We’ve seen how digital and social media, and specifically earned platforms such as Facebook, YouTube and Twitter, can propel an unsigned artist into the mainstream of music success.
People like Lily Allen (famous after being discovered on MySpace), Justin Bieber (discovered on YouTube in what is debatably the worst example of YouTube’s possibilities), and even Lady Gaga who was discovered on YouTube and MySpace Music, represent a fundamental shift in how we are selecting popular artists and musicians.
Rather than the traditional push method where ‘Record Labels’ would pick and choose artists based on ‘marketability’ and their own industry agendas, we’re seeing a transition to a pull method. We’re self-selecting as an audience, and determining who will fill our iPods and PCs.
When you consider that social media is underpinned by two pillars: content curation and collaboration, it seems a natural platform for music and ‘stars’ to snowball into popular culture. As Andy Warhol once so famously said “”In the future, everyone will be world-famous for 15 minutes.” …Perhaps the new paradigm of this is “in social media, everyone could be world-famous”
The role of social media and music
We are publishers by our very nature, collaborating with one another as peers to appeal to our inherent need for fame and recognition. With social media, though, we have gained the tools that have the potential to scale our peer-level communications to a truly mass-market. And music is by its nature a social experience, binding people together with common emotions and values.
In what is perhaps the natural iteration of this, Razorfish in the US has stepped into the role of quasi-record label by forming a strategic partnership with an unsigned artist, AM.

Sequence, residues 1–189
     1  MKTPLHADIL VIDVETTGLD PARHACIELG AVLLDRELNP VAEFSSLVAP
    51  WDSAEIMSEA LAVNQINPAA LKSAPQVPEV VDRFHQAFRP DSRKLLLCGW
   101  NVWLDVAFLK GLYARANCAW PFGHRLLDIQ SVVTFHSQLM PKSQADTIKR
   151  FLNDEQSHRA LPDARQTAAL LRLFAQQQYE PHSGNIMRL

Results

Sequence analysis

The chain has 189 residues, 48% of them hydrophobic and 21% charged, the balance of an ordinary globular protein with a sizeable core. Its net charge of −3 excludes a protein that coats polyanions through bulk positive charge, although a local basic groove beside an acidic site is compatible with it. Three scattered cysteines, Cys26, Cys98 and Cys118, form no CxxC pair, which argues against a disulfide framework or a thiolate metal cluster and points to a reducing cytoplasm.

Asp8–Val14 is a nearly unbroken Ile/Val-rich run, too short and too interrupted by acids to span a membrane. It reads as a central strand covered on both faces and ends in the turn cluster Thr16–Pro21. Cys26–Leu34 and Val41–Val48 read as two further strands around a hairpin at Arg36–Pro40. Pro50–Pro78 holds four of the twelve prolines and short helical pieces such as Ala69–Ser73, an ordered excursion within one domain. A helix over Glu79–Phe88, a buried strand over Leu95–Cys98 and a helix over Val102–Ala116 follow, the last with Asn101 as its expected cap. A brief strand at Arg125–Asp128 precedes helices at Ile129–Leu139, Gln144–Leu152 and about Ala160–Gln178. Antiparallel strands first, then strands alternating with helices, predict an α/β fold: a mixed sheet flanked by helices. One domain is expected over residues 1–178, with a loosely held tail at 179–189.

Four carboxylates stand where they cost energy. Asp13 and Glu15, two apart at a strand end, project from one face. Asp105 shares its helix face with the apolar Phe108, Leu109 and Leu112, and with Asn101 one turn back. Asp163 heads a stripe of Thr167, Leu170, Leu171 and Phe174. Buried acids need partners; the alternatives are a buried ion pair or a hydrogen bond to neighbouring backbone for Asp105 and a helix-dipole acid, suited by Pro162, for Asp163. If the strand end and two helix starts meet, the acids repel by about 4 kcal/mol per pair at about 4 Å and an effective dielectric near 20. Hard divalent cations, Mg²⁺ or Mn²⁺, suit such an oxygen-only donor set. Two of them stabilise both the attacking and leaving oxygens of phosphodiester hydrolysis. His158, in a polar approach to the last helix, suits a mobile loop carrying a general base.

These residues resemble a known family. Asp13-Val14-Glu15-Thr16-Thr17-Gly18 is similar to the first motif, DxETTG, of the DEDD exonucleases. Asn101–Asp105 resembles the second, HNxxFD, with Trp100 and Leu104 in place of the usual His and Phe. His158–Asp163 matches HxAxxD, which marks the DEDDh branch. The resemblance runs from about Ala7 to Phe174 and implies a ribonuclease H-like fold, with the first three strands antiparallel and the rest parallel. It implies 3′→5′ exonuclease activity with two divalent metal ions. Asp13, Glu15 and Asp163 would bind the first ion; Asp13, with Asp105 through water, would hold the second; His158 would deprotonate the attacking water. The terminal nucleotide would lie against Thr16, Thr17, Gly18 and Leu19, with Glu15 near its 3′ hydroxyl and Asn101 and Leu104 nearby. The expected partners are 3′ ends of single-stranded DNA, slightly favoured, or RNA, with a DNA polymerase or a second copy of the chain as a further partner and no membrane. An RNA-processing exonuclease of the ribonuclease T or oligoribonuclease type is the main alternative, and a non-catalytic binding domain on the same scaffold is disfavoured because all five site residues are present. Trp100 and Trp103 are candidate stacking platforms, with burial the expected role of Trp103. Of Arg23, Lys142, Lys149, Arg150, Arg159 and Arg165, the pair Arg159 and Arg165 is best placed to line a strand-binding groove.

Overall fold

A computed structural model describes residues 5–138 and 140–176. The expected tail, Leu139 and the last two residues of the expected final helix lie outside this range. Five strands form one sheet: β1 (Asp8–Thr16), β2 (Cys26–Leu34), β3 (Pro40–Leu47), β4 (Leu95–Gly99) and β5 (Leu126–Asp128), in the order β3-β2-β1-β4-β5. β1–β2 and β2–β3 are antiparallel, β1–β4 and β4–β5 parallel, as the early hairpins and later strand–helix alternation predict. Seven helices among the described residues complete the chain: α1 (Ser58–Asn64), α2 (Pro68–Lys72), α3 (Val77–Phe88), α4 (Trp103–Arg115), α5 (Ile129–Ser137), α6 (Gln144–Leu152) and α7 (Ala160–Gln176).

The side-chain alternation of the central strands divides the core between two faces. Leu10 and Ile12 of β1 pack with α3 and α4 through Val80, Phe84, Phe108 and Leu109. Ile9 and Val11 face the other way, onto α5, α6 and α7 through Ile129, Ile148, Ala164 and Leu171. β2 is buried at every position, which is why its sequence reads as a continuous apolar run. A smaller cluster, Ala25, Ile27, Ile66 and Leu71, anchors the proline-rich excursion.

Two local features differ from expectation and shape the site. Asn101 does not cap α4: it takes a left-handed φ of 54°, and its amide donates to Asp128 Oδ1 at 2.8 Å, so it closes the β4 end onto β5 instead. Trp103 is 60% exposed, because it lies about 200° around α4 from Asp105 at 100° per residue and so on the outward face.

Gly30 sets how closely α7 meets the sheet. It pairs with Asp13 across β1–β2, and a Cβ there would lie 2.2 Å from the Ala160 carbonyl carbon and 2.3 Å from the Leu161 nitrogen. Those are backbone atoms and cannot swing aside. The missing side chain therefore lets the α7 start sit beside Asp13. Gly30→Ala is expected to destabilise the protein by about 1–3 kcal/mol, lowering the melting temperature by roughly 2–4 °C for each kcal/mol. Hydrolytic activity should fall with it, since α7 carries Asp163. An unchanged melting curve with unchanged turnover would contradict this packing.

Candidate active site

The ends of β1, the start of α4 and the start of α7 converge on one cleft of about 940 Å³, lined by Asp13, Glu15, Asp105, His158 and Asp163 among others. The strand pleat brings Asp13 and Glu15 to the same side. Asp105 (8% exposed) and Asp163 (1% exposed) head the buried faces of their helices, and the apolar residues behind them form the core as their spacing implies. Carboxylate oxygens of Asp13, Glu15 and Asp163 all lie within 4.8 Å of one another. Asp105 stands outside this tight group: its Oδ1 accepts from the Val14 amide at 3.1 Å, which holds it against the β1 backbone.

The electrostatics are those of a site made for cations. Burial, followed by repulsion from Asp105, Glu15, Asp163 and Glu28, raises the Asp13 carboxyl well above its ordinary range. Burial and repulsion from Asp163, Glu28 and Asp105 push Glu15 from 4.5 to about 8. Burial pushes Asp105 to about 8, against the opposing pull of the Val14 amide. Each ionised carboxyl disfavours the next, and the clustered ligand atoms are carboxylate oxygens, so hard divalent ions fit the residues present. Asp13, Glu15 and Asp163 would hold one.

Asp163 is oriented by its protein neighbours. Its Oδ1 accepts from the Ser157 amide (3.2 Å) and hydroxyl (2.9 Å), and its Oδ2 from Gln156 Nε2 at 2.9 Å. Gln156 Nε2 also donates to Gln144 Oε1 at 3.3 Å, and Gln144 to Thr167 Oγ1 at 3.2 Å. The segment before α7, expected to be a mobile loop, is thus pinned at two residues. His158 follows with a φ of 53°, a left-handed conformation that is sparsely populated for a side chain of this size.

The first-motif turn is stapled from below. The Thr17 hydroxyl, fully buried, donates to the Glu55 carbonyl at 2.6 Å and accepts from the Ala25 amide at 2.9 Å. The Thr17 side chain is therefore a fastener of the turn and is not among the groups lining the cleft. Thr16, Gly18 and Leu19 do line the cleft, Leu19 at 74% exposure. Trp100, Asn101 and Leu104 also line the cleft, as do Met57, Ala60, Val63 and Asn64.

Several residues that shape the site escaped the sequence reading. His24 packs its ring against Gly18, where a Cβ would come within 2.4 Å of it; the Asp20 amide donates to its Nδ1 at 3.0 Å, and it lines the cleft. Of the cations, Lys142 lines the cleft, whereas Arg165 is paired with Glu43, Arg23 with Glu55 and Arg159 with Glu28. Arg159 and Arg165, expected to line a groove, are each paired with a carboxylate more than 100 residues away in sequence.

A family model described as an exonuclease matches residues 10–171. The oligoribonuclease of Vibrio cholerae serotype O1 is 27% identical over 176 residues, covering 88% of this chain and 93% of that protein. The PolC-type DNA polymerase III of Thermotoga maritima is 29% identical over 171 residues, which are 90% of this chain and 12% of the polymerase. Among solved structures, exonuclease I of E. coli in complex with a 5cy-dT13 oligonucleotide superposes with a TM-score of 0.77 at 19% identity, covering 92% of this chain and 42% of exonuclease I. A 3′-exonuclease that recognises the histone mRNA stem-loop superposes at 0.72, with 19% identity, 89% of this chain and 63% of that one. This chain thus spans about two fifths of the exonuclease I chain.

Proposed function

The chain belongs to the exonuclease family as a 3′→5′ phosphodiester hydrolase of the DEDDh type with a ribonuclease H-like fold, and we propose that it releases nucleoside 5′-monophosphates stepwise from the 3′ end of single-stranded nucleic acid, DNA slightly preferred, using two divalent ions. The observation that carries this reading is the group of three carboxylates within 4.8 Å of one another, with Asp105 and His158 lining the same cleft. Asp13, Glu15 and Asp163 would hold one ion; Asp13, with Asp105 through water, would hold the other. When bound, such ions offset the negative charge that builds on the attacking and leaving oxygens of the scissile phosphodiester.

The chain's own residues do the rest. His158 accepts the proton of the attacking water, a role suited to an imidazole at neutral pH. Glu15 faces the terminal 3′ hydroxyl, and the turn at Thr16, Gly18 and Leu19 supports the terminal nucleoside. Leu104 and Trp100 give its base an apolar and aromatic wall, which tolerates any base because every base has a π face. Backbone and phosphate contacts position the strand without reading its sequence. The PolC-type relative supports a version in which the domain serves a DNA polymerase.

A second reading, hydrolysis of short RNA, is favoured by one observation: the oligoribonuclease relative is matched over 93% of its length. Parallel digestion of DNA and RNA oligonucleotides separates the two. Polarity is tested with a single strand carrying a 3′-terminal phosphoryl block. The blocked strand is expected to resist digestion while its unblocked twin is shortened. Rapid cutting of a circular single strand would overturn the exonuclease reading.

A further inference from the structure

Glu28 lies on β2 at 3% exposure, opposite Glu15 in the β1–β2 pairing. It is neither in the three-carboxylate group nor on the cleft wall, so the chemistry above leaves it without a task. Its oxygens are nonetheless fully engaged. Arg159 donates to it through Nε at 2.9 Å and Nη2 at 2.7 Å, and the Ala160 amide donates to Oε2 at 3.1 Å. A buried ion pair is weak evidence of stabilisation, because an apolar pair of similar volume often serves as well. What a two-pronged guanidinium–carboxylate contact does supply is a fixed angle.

David Deal, Vice President of Marketing at Razorfish, explained:
“How does an emerging indie artist in the dysfunctional music industry find an audience anymore?
My employer Razorfish is tackling that challenge through an unusual co-branding relationship with indie musician AM, which sees Razorfish playing the role of quasi-record label, concert promoter, and DJ. And so far we are having a lot of fun while building our brand with a creative and smart musician.
“We’re intrigued by the challenge of helping a promising artist find a national audience given how the traditional recording industry distribution model is broken,” said David Deal, vice president of marketing for Razorfish and the would-be A&R man guiding the agency’s partnership with AM. And if Razorfish or any of its clients can earn cachet through association with an up-and-coming artist, so much the better.”
What interests me is the idea that the traditional recording industry distribution model is broken.
Razorfish US have demonstrated that digital, and specifically social media, can play a critical role in bringing music to a mass audience. But for me, it’s a question of what comes first: the lagging of traditional record labels in their push model, or the growing prominence of the push model by the socially-connected. And further, how do you monetize this?
YouTube and music
Earlier this year, Lady Gaga’s manager, Troy Carter, stated that Lady Gaga “create (s) music videos for YouTube.”
When you look at some of the statistics with video views on YouTube (Bieber’s catalyst video achieved 55 millions views), it does make sense for artists to create their content specifically for social media.